This is a simple recipe designed to highlight some of my favorite Sicilian flavors. The key to this dish is cooking the swordfish slowly and gently, so that it stays moist and absorbs the garlic and chili flavors. If you are unable to find fresh oregano, you can use a few pinches of dried, but add it along with the red chili flakes at the beginning of the recipe.
Please note that I do not salt the pasta water in this recipe. Whenever a recipe calls for the addition of pasta cooking water to a highly seasoned ragu, the final dish may become over-salted if the pasta cooking water is well-seasoned with salt. —Josh Cohen
swordfish steaks, skin removed
cloves garlic, thinly sliced
red chili flakes
anchovy fillets, diced small
dried paccheri pasta (or your favorite tube-shaped pasta)
Juice of 1 lemon
canned diced tomatoes
heaping handfuls of fresh oregano leaves, roughly chopped
Cut the swordfish into 1/4-inch cubes. Transfer the swordfish to a large mixing bowl, and season generously with salt. Set aside.
In a large Dutch oven or heavy-bottomed pot, add enough olive oil to comfortably cover the bottom of the pot. Add the garlic and the red chili flakes to the cold oil. Adjust the heat to medium, and cook until the garlic starts to sizzle. Add the anchovy. After approximately 6 to 8 minutes, when the garlic is just beginning to brown, turn the heat to low and add the swordfish. Gently stir the swordfish in the oil. Cook the swordfish over very low heat for 20 to 30 minutes, until it is tender and just cooked through.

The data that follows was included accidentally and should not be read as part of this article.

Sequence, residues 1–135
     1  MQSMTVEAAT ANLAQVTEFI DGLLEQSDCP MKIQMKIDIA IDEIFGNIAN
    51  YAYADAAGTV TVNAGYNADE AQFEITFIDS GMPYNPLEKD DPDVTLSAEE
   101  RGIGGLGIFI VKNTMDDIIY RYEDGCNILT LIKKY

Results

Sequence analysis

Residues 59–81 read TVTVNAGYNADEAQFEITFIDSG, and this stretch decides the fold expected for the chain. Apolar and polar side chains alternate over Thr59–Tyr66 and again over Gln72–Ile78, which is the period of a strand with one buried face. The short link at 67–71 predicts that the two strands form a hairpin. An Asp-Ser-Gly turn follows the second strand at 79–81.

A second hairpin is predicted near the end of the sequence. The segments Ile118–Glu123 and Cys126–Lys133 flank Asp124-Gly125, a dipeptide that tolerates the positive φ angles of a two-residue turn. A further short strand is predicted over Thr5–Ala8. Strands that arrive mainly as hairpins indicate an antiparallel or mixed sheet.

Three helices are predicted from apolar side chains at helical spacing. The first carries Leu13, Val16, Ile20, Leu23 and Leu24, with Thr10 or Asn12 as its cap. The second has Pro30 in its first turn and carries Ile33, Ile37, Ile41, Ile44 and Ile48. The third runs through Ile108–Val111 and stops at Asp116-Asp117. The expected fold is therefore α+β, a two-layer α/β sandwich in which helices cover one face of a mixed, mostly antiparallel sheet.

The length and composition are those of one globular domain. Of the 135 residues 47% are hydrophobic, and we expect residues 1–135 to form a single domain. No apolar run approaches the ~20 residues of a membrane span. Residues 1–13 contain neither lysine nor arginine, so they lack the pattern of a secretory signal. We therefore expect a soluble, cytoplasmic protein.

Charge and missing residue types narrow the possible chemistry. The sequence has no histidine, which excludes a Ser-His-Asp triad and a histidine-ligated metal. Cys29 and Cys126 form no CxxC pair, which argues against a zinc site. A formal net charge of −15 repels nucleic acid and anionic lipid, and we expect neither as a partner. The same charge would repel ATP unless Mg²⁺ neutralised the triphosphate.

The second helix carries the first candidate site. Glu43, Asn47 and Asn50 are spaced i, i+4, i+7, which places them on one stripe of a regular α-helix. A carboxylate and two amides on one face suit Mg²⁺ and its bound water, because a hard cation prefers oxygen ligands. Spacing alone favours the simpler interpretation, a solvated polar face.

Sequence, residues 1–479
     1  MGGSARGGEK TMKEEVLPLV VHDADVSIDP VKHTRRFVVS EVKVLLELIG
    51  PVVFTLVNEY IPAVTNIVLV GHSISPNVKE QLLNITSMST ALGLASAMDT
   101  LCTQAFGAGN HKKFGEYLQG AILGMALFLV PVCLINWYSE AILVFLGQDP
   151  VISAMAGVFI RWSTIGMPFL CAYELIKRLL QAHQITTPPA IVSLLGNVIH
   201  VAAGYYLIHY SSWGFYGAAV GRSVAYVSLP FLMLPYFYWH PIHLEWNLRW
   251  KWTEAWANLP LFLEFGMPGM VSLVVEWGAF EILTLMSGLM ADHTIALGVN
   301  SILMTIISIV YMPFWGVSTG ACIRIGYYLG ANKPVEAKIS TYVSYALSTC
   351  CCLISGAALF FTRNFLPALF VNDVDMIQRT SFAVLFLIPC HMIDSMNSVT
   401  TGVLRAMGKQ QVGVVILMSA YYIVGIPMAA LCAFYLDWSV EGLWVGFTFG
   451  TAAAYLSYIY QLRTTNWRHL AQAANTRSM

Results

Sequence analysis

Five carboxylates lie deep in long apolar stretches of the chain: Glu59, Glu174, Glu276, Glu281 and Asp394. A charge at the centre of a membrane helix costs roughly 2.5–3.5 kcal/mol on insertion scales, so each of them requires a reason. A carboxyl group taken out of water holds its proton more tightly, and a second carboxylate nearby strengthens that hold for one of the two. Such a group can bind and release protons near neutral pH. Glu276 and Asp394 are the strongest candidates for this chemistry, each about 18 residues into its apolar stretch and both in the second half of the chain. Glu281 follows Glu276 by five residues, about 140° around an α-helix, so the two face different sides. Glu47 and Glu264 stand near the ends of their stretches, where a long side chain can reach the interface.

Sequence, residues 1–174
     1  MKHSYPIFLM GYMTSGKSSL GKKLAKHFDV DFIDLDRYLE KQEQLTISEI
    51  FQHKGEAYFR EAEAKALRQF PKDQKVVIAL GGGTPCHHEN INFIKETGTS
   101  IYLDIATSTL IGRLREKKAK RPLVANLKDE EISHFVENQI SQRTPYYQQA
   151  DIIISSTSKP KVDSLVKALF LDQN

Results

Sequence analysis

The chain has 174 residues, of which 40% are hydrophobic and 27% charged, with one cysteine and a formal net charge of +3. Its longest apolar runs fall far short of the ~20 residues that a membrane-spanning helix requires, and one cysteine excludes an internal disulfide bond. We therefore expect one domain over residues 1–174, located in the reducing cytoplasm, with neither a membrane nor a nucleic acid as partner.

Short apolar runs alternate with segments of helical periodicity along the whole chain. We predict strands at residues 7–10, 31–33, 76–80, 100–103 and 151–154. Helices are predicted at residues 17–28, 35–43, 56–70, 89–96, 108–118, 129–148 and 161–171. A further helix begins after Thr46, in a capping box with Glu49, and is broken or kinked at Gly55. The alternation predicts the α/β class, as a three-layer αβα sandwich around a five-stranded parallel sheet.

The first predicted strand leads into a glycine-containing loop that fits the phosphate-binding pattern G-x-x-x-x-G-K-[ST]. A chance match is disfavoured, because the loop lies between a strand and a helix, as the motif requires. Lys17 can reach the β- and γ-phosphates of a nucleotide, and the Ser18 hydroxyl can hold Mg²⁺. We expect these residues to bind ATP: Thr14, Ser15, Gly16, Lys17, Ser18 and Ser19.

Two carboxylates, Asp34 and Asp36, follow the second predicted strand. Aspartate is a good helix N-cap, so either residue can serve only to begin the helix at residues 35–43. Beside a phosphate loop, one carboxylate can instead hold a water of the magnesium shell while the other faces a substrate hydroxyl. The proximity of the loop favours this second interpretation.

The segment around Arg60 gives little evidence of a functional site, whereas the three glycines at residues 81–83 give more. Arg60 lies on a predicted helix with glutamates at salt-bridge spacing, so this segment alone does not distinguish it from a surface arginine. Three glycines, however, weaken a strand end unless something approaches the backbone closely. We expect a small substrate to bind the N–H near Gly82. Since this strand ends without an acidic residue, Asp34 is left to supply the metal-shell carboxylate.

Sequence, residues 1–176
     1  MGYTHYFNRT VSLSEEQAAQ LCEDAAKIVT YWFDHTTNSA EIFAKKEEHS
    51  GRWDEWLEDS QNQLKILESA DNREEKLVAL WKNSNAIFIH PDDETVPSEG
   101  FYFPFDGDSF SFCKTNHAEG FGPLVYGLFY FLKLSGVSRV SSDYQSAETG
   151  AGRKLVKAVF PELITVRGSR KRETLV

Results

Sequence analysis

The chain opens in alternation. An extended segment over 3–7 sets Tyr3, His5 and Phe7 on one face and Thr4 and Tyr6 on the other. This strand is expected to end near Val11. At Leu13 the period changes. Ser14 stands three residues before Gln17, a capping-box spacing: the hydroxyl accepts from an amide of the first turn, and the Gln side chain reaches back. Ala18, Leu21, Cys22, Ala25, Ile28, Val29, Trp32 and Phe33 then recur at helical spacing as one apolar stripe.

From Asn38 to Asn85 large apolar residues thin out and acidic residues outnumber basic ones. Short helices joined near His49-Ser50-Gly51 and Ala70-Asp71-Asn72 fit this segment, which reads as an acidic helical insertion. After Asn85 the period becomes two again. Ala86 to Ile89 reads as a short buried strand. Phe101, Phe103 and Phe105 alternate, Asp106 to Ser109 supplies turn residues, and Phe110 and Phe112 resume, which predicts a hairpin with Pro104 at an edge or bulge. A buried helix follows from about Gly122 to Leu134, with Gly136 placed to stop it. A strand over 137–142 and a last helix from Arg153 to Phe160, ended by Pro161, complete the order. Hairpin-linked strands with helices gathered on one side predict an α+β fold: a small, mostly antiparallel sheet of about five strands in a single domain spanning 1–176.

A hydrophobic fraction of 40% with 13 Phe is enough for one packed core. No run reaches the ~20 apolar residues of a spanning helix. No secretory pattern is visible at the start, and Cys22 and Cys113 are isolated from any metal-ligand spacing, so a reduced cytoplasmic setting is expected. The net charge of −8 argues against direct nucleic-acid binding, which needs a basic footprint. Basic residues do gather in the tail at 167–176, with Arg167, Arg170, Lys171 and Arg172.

While the swordfish is cooking, set a large pot of water over high heat. The water should begin to boil right around the time when the swordfish is cooked through. Drop the pasta into the boiling water and cook according to the directions on the package, except undercook the pasta by a minute or two. While the pasta is cooking, add the lemon juice and tomatoes to the swordfish, and continue to cook, stirring occasionally.
Transfer the cooked pasta to the pot containing the swordfish, making sure to reserve a cup of the pasta's cooking water. Add half of the reserved pasta water along with the fresh oregano. Turn up the heat and gently stir the pasta. You want to coat the pasta with the swordfish and the flavorful oil. Taste the pasta. Adjust with salt and/or lemon as necessary. If the pasta is too dry, add a little more of the pasta water. If the pasta is too oily, buy some good bread and mop it up while you eat!
Born and raised in Brooklyn, I’m perpetually inspired by the diversity of foods that exist in this city. I love shopping at the farmer’s market, making ingredients taste like the best versions of themselves, and rolling fresh pasta. I learned how to make fresh pasta in Italy, where I spent the first 6 months of my career as a chef. I've been cooking professionally in New York City since 2010.